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Parenting Time: What's Really Best for the Children?

Posted by J. Benjamin Stevens | Feb 08, 2018 | 0 Comments

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Photo Credit: Jelleke Vanooteghem, Unsplash.com

If you are going through a divorce, there will likely be a lot of discussion about how to share time with your children. Of course, you want to maximize every minute possible with your children, but so does your ex.  Sometimes, divorcing parents can get stuck on the number of days, nights, minutes, each will spend with the children.  Many parents will assume a 50/50 schedule will be the best idea, or maybe even as a starting expectation. But what does 50/50 really mean and is it really good for the children?

The best thing you and your ex can do is stay away from the 'numbers'. One thing is certain in these types of case, your child is never counting and comparing the number of days, nights, or minutes they have with each parent. They are much more concerned about the quality of the time they get to spend with each of you. Now don't get me wrong, children care about things being “fair”, especially if they are school-aged (e.g., 7-11).

A common misperception about child custody laws is that a 50/50 plan benefits both the children and the parents. In fact, I was invited to our state capital (Columbia, S.C.) this week to provide testimony against one such bill which starts with a presumption of equal parenting time in all child custody cases. Those speaking in favor of such bills will often start that the "research" says this or that in favor of such presumptions. As a father who has been through two divorces with children, sometimes people are surprised that my position is, and always has been, against such a presumption. One of the main reasons is because of what the studies actually show on this issue.

What the Research Really Says

Psychologists are starting to do more research on shared custody and joint custody, especially since there is a huge push nationally for shared custody to be a legal presumption in all custody cases. In other words, this presumption would mean that every family who divorces with children would have a shared custody plan as part of their Final Order unless there are some significant problems which would make such an arrangement as a danger to either the parties or the children. However, that's not actually what the research says. Yes, it's true there are major benefits to children having a lot of parenting time with each parent. And yes, we know that the old school, traditional schedule of fathers having every other weekend (Fri-Sun) and one daytime visit during the school week is really not enough time for kids in every situation. The children in those scenarios typically don't like it. They miss their non-custodial parent.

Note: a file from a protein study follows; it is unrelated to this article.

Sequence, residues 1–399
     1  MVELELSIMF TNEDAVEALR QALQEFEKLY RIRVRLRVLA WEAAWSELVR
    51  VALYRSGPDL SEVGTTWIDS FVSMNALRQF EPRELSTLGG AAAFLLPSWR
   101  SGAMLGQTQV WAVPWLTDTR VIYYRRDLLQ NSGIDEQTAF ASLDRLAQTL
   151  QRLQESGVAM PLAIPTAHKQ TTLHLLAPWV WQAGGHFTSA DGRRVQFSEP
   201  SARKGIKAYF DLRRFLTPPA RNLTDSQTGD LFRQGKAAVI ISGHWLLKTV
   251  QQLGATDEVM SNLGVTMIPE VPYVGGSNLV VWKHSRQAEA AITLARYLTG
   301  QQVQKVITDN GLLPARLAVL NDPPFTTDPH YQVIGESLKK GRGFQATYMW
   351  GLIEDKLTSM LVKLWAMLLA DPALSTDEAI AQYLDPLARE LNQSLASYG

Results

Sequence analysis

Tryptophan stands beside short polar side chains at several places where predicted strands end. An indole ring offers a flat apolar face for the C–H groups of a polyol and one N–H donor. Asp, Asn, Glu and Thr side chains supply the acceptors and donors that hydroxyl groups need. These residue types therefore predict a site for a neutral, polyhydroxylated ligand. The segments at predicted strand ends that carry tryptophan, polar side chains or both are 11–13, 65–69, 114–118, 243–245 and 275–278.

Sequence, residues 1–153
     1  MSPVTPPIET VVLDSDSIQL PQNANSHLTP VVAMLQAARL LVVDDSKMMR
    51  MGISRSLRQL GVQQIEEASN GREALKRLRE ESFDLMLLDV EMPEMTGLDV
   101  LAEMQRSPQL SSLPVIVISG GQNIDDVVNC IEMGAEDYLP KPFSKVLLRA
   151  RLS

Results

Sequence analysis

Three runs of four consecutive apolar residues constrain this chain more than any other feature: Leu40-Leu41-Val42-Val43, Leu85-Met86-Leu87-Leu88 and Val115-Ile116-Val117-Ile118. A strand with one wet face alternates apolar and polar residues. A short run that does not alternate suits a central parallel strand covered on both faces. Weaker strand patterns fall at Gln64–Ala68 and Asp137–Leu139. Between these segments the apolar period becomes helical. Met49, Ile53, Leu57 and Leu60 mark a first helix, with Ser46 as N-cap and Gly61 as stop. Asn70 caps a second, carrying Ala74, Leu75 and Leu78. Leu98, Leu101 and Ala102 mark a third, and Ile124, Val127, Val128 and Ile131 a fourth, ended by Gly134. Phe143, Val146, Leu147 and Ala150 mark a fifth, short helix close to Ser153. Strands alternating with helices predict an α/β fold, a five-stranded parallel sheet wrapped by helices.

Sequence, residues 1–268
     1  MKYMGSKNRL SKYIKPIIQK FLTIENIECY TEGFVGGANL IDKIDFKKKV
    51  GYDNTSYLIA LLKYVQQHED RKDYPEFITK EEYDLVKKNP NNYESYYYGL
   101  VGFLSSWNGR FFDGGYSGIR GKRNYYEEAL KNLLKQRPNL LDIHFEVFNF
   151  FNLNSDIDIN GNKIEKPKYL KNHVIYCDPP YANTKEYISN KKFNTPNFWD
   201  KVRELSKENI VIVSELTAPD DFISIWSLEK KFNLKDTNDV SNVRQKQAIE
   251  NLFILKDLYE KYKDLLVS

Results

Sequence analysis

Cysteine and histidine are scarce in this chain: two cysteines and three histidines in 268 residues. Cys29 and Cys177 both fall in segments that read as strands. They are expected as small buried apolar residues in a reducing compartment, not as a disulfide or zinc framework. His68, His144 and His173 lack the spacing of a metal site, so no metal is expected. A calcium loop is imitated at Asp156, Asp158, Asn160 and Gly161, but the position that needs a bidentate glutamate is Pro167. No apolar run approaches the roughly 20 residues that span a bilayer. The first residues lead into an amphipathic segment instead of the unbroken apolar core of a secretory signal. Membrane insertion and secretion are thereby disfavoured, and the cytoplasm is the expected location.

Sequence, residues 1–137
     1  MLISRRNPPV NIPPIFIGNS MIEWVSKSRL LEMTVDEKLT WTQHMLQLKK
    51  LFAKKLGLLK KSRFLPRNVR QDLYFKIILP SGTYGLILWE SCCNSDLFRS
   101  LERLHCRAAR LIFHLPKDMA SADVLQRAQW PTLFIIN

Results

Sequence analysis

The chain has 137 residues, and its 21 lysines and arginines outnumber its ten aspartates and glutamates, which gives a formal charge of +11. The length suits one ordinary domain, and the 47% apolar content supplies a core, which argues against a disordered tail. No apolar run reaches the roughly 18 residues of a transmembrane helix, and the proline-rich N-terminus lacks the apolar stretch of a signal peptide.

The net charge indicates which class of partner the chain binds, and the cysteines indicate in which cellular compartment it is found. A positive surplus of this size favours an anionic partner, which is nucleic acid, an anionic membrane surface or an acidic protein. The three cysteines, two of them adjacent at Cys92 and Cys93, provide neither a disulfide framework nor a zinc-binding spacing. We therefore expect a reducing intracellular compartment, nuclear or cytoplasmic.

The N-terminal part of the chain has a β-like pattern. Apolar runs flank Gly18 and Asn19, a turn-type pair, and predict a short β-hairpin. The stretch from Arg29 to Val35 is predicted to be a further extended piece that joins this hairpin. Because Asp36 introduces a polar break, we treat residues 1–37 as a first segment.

What we don't know for sure from the research is that "shared", "50/50" custody, is actually good for children. And we definitely don't know that it is “best” for children.

Most of the research available on shared and/or joint custody defines "shared custody" as 30/70, 40/60 and 50/50. It doesn't just look at 50/50 custody. So what does that mean? Well, think about life from your children's perspective. 30/70 is about 10 nights/month, while 50/50 is about 15 nights/month or one extra night/week at the minimum. That may not seem like a big difference but from the child's perspective, that extra night can have a significant practical and emotional impact. The reason a 50/50 presumption should never be applied across the board is that it takes away a court's ability to judge all the nuances of what makes every family different. For example, the parents and the court will never be able to consider questions such as: 

What if one of the children has a tough temperament? You know the type. It's hard to get them to do anything and they don't handle change well.

What if one of your children is has terrible organizational skills? Then what?

And what happens if you and your ex don't get along well. Then what?

What if you and your ex live 30 minutes away from each other? Then what?

You can see how the list of questions goes on. No two families are exactly alike and therefore designing a cookie-cutter approach to custody plans and parenting time schedules will always be impossible. It will never be as simple as evaluating the number of days on a calendar. In order to truly figure out what's best for the children involved, we have to focus on your children and your family situation very specifically, not just what each parent wants to get out of the situation. We know this makes things a little more difficult on the front end and will necessarily require more effort on each side to compromise on what is best, but we are here to help.

Our firm has provided exceptional legal counsel and support to families throughout South Carolina for over two decades, handling all matters of family law, such as child custody, child support, and divorce. We are well-equipped to handle all divorce and family law matters, no matter your circumstances. Contact us to schedule your initial consultation to find out how we can help you.

About the Author

J. Benjamin Stevens

Aggressive, creative, and compassionate are words Ben Stevens' colleagues freely use to describe him as a divorce and family law attorney. Ben is a Fellow in the prestigious American Academy of Matrimonial Lawyers, the International Academy of Family Lawyers, and is a Board Certified Family Trial Advocate by the National Board of Trial Advocates. He is one of only four attorneys in South Carolina with those simultaneous distinctions. To schedule a consultation with Ben Stevens call (864) 598-9172.

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